19 Sep 2012
September 19, 2012

The Medium of Politics

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One of the systems we’re part of, of course, is the political system. We may wish we weren’t part of it often, but we are. And all of those people playing with the power of the medium of politics, and its effect on the media and its effect on collective human consciousness, and those people that are addicted to power are there because of us. It boils down to that. That we create a field in which they can play with power, and that power is more or less compassionate. And the political system is a system in which as long as you have a passport, you are a member of it whether you like it or not. You’re part of a government, and your not voting is voting. So there’s no way out. You can’t say, “I’m not going to have anything to do with politics.” You can say it, but you’ve got to watch where you’re saying it from. You may say, “I’m not going to get involved with politics because I am so busy with something else that I think is my dominant theme, and I’ll vote, but I’m not going to put my time into campaigning for candidates and things like that, or issues, because my energies are best used here.” That’s fine. If you’ve thought it through and felt that way and can look somebody in the eye and say, “This is the way it is.” If you’re saying, “I’m not having anything to do with politics because it’s too dirty and because I don’t approve of it,”. Forget it – you are abdicating your responsibility to society. It’s as simple as that.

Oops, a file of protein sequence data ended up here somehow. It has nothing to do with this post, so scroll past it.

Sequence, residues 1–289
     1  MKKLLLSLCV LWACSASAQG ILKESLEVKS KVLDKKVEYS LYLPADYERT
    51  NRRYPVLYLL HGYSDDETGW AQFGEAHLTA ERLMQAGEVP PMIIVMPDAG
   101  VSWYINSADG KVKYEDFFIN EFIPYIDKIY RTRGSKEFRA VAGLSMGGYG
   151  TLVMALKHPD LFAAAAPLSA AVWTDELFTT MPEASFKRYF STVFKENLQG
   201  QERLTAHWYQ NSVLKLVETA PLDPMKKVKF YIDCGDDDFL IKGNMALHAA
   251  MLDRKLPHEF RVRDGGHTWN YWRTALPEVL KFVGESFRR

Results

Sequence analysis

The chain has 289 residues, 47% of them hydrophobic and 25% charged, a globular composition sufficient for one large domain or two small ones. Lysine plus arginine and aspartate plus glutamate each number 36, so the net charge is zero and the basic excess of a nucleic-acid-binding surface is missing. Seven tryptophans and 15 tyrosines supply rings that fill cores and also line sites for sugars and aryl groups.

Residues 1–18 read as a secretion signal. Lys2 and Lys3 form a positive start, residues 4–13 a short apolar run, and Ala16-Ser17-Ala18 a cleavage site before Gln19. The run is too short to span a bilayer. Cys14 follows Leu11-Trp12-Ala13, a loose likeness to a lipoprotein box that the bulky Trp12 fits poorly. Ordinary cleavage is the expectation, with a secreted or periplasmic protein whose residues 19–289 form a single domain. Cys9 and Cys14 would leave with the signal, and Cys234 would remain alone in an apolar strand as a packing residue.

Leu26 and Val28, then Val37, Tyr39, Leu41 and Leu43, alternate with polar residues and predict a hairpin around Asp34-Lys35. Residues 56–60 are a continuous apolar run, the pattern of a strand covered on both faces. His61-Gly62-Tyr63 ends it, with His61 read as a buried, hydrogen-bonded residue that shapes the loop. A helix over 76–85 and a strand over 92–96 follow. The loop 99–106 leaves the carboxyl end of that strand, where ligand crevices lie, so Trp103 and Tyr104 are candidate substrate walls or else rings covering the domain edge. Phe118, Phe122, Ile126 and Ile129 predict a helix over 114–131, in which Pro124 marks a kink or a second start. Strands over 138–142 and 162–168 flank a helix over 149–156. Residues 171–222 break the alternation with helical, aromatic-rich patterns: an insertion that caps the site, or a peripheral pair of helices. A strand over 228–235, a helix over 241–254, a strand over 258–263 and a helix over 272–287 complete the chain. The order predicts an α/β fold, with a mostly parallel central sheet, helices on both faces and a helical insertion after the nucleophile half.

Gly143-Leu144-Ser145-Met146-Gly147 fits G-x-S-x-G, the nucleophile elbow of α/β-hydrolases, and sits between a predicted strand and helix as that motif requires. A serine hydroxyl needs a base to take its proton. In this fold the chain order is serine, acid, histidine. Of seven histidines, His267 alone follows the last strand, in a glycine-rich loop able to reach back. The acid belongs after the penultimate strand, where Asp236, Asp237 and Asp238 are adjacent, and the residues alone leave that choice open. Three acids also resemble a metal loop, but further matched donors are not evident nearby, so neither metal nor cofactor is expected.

We’re at an interesting moment within the shift of collective consciousness, specifically around the way in which we’re integrating the changes in power structures. Now business holds sway over government, over religion, in terms of social power. And business is like pirates on the high seas – the question is, do you control it from the outside, or does it control itself? Does the whole process have a meta-game that’s controlling itself, and can you stand back far enough to see how it’s playing out? How is the shift in collective consciousness going to evolve and what part do you play?

Part of the curriculum is looking at the systems that you are a part of and being able to say “That system needs work.” It’s important to be able to shift your game so that you’re not simply pushing the system away and saying “I don’t think about that stuff, because it’s too complicated. Let somebody else worry about it.” Because as long as you get really frustrated with Americanism, you may be standing in the way of everybody’s survival.

 

- Ram Dass, October, 1995

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  • alicia

    so for the first time in 20 years i feel like i must vote after reading this. thank you, Ram Dass, again.

    • http://www.yahoo.org Jane Davis